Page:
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The traditional social organization of the Chechens — copied (somewhat mysteriously) from the website of the EU Commission-funded 'Multicultural Autonomies in Latin America' project.

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The arrest and deportation of the (Ingush) 2010 'Norwegian of the Year' (from North Ossetia).

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A list of all the teips of Chechnya (or at least almost all of them).

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A quite mad theory, found in The Annual Register, or a View of the History, Politics, and Literature, for the Year 1786 (London: Printed for J. Dodsley, in Pall-Mall, 1788), which held that the Chechens were the descendants of a colony of XVth-century Bohemians [sic.].




The Andi


The adat (customary laws) of the Andi people of Daghestan.




The Avars


The extravagant wedding of an Avar "Daddy's Boy" (feat. Ramzan Kadyrov and a 5kg lump of gold), as described by the U.S. embassy in Moscow in a cable to Washington released by Wikileaks.

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From Daghestan, with love — A list of the [declared!] gifts which U.S. President Obama, his wife and family and other American politicians received from Gadzhi Makhachev, Permanent Representative of the Republic of Daghestan in Moscow, between 2006 and 2009 (and other gifts, "from Russia, with love").




The peoples of the Kaitag district of Daghestan


Information on kaitags, embroidered ritual textiles from Daghestan.




The Ossetians


Wastyrdjy, or "The Feast of St. George among the Ossetians"—Notes on the pagan feast of St. George in North Ossetia by Robert Chenciner (19-26.XI.1991).

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An article on the ancient rite of sacrificing a horse to the deceased among the Ossetians.




The Khinalug


The celebrated Azerbaijani photographer Rena Effendi visited the Khinalug people in their village of Kətş (Azerbaijani: Xınalıq) high up in the Caucasus mountains in Azerbaijan, where she took some beautiful portraits and many wonderful photographs.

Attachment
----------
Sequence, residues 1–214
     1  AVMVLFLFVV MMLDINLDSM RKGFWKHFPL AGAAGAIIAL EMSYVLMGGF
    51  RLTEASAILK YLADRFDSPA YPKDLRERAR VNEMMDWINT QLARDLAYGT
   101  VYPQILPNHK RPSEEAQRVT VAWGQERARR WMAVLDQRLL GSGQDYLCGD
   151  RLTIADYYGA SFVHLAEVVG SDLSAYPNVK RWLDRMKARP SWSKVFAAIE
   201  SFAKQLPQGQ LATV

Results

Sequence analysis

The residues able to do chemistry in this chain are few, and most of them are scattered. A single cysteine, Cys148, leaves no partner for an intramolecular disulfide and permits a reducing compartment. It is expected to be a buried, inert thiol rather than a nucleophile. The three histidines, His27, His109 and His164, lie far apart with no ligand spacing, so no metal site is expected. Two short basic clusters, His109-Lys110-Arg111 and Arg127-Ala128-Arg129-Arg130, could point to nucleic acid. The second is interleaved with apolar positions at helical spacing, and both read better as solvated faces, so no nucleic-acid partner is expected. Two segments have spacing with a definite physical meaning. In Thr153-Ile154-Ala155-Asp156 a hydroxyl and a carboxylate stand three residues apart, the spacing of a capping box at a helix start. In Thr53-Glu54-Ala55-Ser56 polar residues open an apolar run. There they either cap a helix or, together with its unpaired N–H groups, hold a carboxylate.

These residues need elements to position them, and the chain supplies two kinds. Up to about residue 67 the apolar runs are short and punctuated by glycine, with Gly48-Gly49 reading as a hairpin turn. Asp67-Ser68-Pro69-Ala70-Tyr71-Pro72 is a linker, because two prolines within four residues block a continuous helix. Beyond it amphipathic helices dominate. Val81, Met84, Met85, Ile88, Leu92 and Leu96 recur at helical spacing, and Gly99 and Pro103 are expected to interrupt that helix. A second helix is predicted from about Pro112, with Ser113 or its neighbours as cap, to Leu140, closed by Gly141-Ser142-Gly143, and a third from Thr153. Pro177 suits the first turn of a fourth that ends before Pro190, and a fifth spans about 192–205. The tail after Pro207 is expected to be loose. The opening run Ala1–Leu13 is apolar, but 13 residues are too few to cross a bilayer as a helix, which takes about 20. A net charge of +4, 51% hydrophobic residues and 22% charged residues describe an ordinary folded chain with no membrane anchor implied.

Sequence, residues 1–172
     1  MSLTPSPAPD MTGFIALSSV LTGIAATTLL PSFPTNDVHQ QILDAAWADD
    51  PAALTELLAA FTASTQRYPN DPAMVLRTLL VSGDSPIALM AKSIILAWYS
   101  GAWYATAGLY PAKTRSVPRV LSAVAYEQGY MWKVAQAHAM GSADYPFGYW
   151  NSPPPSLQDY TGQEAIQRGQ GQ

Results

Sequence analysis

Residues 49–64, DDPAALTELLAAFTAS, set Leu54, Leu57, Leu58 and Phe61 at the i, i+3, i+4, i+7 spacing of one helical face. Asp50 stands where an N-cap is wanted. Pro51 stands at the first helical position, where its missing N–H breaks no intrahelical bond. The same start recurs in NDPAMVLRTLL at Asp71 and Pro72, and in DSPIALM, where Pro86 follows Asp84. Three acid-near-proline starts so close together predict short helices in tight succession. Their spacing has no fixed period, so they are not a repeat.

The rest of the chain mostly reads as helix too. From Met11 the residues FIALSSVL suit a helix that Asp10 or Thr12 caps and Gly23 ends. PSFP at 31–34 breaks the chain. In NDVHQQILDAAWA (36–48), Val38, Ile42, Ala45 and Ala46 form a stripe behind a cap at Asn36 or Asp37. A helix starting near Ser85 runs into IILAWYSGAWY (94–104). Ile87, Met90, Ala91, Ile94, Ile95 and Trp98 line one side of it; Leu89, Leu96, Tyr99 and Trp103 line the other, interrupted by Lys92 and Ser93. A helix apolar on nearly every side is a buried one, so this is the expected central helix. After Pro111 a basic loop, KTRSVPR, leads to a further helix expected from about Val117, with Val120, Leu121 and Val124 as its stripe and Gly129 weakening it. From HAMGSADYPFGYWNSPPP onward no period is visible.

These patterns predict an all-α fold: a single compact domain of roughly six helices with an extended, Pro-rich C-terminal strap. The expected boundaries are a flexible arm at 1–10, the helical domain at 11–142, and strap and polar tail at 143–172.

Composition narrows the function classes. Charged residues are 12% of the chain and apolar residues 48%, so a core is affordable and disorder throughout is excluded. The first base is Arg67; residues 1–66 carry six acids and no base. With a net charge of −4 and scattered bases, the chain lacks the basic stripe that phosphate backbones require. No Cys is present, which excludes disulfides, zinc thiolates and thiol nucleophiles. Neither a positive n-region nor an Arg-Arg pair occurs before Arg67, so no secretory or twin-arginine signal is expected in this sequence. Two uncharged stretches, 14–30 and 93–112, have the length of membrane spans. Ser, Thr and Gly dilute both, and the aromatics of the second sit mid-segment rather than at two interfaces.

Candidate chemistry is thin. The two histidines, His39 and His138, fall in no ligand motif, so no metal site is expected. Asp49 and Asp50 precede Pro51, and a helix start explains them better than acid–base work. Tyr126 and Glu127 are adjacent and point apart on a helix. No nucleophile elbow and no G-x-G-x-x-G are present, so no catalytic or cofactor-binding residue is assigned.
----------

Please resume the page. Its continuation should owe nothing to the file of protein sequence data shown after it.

The Archi


Linguistic resources on Archi (including an amazing Archi-English-Russian dictionary!) written by the Surrey Morphology Group at the University of Surrey.




The Circassians


Klaproth's population figures for the North Caucasus (primarily the "Tcherkesses", the "Abazes" and the "Nogaï").




The Abaz


Klaproth's population figures for the North Caucasus (primarily the "Tcherkesses", the "Abazes" and the "Nogaï").




The Nogais


Klaproth's population figures for the North Caucasus (primarily the "Tcherkesses", the "Abazes" and the "Nogaï").




The Abkhaz


'On the origins of the conflict between the Republic of Abkhazia and the Republic of Georgia'—the "enclosure" of the annex to the Letter dated 10 June 2013 from the Permanent Representative of the Russian Federation to the United Nations addressed to the Secretary-General, as copied from the United Nations Bibliographical Information System's (UNBIS) database.

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Richard Halliburton's "interview" with Zapara Kiut the Abkhazian, 'the oldest man in the world'.




The Ubykh


A list of Ubykh proverbs found in Georges Dumézil's Documents anatoliens sur les langues et les traditions du Caucase I.




The Mtiuls


A 1926 census of the inhabitants of all the villages of Mtiuleti (Mleta & Pasanauri communities), copied from Sergi Mak'alatia's ethnographic study of the region (Mtiuleti, მთიულეთი, Tbilisi: 1930).




The Mokheve


A 1926 census of the inhabitants of all the villages of Khevi (Q'azbegi & K'obi communities), copied from Sergi Mak'alatia's ethnographic study of the region (Khevi, ხევი, Tbilisi: 1934). The region of Khevi is more commonly but erroneously known as "Kazbegi".